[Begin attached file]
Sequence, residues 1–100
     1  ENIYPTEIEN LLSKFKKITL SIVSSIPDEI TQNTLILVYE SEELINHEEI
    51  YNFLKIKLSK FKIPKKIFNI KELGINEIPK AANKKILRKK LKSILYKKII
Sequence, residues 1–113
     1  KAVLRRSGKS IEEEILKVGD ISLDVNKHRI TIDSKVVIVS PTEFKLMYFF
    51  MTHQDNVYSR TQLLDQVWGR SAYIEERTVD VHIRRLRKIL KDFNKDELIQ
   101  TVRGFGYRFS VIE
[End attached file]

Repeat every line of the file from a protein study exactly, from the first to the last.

Sequence, residues 1–100
     1  ENIYPTEIEN LLSKFKKITL SIVSSIPDEI TQNTLILVYE SEELINHEEI
    51  YNFLKIKLSK FKIPKKIFNI KELGINEIPK AANKKILRKK LKSILYKKII
Sequence, residues 1–113
     1  KAVLRRSGKS IEEEILKVGD ISLDVNKHRI TIDSKVVIVS PTEFKLMYFF
    51  MTHQDNVYSR TQLLDQVWGR SAYIEERTVD VHIRRLRKIL KDFNKDELIQ
   101  TVRGFGYRFS VIE